Fake news made AMU students restive, police aggressive
Protests over the Citizenship Amendment Act (CAA) had been peacefully continuing in the Aligarh Muslim University till the evening of December 15 when news about violence in Jamia Millia Islamia trickled in through the social media.
In between visuals of violence, a fake news about the death of two Jamia students pulled the trigger and AMU students began to gather in large numbers at the Bab-e-Sayed Gate of the university at around 8 p.m.
Instead of allaying their fears and verifying facts, the AMU authorities called the police and all hell broke loose.
The students became restive and the police became increasingly aggressive.
AMU Vice Chancellor Tariq Mansoor justified his decision to call the police after stones were thrown at the police stationed outside though it is still not known whether it were the students or outsiders who began it.
In a letter dated December 17 addressed to the students, parents, teachers and the Aligarh community, he had said, "Taking advantage of this sensitive situation, anti-social/lumpen elements (including expelled ex-students) intermingled with students, and forcibly broke open the Bab-e-Syed gate.
"After crossing the university boundary, they resorted to stone pelting on the police outside the campus. This mob, running into thousands, posed imminent danger to the life of students and the property of the university. Forced with this grave situation, the university administration was left with no other choice but to call the police to control the situation."
Eyewitnesses, including students, claim that Rapid Action Force (RAF) personnel stormed into the campus "without warning" and lathi charged the students.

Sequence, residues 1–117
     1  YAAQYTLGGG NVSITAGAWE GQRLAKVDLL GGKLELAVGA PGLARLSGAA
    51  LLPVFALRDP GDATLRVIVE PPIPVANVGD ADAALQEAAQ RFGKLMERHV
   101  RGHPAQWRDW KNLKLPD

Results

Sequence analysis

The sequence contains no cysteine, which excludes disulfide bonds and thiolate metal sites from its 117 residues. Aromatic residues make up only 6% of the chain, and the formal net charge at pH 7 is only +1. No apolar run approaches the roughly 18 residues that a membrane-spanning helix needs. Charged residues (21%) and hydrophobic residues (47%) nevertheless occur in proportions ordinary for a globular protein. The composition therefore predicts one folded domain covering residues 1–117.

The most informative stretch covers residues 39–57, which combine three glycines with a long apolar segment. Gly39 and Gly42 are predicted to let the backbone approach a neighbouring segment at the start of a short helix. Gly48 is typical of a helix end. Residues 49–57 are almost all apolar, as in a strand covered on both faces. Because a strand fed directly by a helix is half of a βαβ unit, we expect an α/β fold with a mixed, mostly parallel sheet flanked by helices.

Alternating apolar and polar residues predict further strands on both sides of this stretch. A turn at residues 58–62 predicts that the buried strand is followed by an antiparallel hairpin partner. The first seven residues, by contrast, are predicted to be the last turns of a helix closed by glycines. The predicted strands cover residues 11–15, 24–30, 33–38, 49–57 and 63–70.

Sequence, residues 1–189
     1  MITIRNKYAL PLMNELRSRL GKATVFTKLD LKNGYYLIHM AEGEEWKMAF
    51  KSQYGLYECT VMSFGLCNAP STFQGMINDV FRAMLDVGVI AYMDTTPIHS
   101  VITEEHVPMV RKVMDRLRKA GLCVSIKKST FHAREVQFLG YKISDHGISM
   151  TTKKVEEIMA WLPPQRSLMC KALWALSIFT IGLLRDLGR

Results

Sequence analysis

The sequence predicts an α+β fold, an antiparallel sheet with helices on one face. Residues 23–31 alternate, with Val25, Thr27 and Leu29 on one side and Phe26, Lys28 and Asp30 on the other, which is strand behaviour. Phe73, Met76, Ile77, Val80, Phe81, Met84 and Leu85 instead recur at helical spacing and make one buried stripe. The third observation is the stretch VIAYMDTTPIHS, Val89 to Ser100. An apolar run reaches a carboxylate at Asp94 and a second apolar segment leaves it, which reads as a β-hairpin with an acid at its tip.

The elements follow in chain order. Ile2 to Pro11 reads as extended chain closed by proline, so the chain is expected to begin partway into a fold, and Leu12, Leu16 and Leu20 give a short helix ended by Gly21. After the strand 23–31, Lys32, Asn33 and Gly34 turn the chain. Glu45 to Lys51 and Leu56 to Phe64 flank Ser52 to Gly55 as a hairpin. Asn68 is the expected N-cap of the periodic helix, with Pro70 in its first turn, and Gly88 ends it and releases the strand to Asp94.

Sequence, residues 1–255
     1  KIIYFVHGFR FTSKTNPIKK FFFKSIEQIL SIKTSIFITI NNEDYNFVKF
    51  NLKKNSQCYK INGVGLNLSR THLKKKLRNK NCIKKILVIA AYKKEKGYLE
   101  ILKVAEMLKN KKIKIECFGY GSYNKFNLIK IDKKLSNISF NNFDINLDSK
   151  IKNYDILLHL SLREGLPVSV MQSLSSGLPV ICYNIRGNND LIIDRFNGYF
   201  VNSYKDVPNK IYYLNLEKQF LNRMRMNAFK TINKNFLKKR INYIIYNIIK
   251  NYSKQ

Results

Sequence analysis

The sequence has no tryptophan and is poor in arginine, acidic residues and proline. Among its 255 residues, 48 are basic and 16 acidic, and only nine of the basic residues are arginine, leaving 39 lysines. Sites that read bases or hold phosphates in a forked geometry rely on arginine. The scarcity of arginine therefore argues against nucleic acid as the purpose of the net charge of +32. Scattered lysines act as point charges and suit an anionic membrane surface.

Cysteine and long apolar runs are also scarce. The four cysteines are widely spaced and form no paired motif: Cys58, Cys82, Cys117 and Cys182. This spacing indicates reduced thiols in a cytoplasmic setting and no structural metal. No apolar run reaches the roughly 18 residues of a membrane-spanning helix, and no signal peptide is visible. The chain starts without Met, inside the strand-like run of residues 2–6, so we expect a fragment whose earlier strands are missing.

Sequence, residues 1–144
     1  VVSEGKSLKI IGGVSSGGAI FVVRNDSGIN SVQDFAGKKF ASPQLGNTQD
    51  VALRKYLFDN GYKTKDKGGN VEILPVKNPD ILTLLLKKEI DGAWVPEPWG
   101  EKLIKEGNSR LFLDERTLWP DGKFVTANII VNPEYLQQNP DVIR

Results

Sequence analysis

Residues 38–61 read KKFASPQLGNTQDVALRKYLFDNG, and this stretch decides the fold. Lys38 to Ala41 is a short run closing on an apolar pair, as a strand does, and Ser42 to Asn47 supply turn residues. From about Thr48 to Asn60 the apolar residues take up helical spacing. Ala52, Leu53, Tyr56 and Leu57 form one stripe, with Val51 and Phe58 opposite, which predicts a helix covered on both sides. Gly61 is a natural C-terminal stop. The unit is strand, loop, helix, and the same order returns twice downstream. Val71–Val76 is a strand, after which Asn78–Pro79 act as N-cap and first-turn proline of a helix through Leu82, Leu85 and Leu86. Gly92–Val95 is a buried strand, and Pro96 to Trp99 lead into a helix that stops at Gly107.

Some sought refuge in the Guest House compound nearby while others ran into the hostels.
The police allegedly beat up the security guards at the Morrisons hostel in Aftab Hall and lobbed teargas shells into the students' rooms, forcing them to come out.
Video clips of students being thrown to the ground and kicked, stripped in the cold, being lashed with batons and belts, and taunted with communal slurs are now doing the rounds on the mobile phones of students and faculty members.
Nineteen-year-old Wasim (name changed), a day scholar who had his thumb stitched back, with extensive bruises on his face as well as his left eye, recalled, "I had received a message to gather at the Bab-e-Sayed for a protest against the Jamia incident. When I arrived, I saw the police chasing students with batons and firing tear gas shells.
"Me and my friends hid inside the Guest House compound near the university gate. The police were firing tear gas shells and this other grenade-like thing which bursted into flames with a deafening noise. I was about to pick a shell to throw it into the water to defuse, but the object exploded before that. I fainted."
AMU Registrar Abdul Hamid, who ostensibly gave written permission to call the police into the campus, was clearly not upset over "excessive force" that was used against unarmed students.
He has repeatedly stated that the police had only used stun grenades against the students on that fateful night.
A stun grenade, also known as flash grenade, flash-bang, thunder-flash or sound bomb, is an ostensibly non-lethal explosive device to temporarily disorient senses.
It is designed to produce a blinding flash of light and an intensely loud 'bang' of greater than 170 decibels. It was first used by the British Army's Special Air Service in the late 1970s.
"The stun grenades left us stunned. What was the need to call the police and then unleash violence on us? We were merely protesting in support of the Jamia incident and some students started raising slogans after the news of two deaths came in. There was no violence, so why were the cops called in," asked a student who escaped unhurt in the 'attack', as they call it.IANS